The data breach that recently affected Global Payments caused a lot of concerns, especially after it came to light that around 1.5 million cardholders might have been impacted.
Since some voices claimed that an unprotected administrative account might have been the source of the incident, we decided to ask for an objective expert opinion regarding the matter.
Subhash Tantry, the CEO of Fox Technologies, Inc. (FoxT), a company that specializes in access management solutions, was kind enough to share some insight regarding the rumors that surround the unfortunate event. He also provided some great advice for companies on how to protect their infrastructures.
Gartner Analyst Avivah Litan speculated that a reason behind the breach could be that the hackers took over an administrative account that was not protected well enough. If it were to be true, would it surprise you? Based on your experience, how would you grade companies in general in this sector of Internet security? Subhash Tantry:
That hackers can take over an administrative account does not surprise me. Historically, most enterprises have focused their attention on perimeter control in terms of bad people and bad things like a virus penetrating the perimeter of their enterprise and wreaking havoc on their internal systems.
Perimeter control typically involves technologies such as firewalls, authentication mechanisms and anti-virus/spam and other such software. Perimeter control does address a most important concern.
However, when outsiders break through the perimeter using hacking, phishing and other vectors, the outsider becomes an insider at which point all bets are off.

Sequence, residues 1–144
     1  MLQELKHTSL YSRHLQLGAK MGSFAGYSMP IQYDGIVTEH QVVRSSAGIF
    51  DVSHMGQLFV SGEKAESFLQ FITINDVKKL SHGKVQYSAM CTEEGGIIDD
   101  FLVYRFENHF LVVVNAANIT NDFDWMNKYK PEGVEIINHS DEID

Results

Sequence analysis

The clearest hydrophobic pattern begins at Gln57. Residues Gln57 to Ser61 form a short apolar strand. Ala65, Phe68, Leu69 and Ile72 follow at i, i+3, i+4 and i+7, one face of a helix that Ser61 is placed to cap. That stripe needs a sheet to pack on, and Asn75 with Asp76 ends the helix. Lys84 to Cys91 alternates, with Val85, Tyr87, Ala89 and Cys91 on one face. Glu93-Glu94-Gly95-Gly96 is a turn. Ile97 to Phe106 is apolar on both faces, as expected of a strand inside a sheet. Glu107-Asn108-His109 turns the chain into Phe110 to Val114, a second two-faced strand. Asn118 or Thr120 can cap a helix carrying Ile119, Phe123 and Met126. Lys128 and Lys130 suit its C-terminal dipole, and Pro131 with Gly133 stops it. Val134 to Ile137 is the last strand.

One of the biggest Achilles heels of enterprise security is that there is too much trust of their current employees and the devices they bring on their own. This leads to a lackadaisical approach to implementing and enforcing security policies within the perimeter.
What is needed is multiple layers of security enforcement through automated tools to prevent a threat from the inside or prevent a threat from an outsider pretending to be an insider!
In fact, a recent survey of CIOs, CSOs, CTOs, CEOs, System Administrators etc. by Fox Technologies, Inc and Echelon One suggests that more than 70percent of surveyed organizations have the potential for insider fraud.
This is because of their inability to control user accounts across servers and applications and the fact that they have not implemented an automated way to control role-based access of users to applications and servers, including controlling what a user can get to and do when they have such access. Softpedia:
What should other companies learn from the incident? Subhash Tantry:
Enterprises should focus on taking a multi-layered security approach when they define their security policies. They should also implement automated tools to enforce their access control policies.
The critical requirements from an automated solution should include the ability to centrally administer user accounts in a role-based manner across diverse servers and applications, enforcement of granular authorization policies, and automatic consolidation of user activity logs for simplified audit reporting, including keystroke or video-playback logs.
I would also say it is important for the solution to include alerting mechanisms that can proactively and reactively deny access based on a forensic analysis of audit logs that may reveal suspicious activity, be it from inside the perimeter or outside. Softpedia: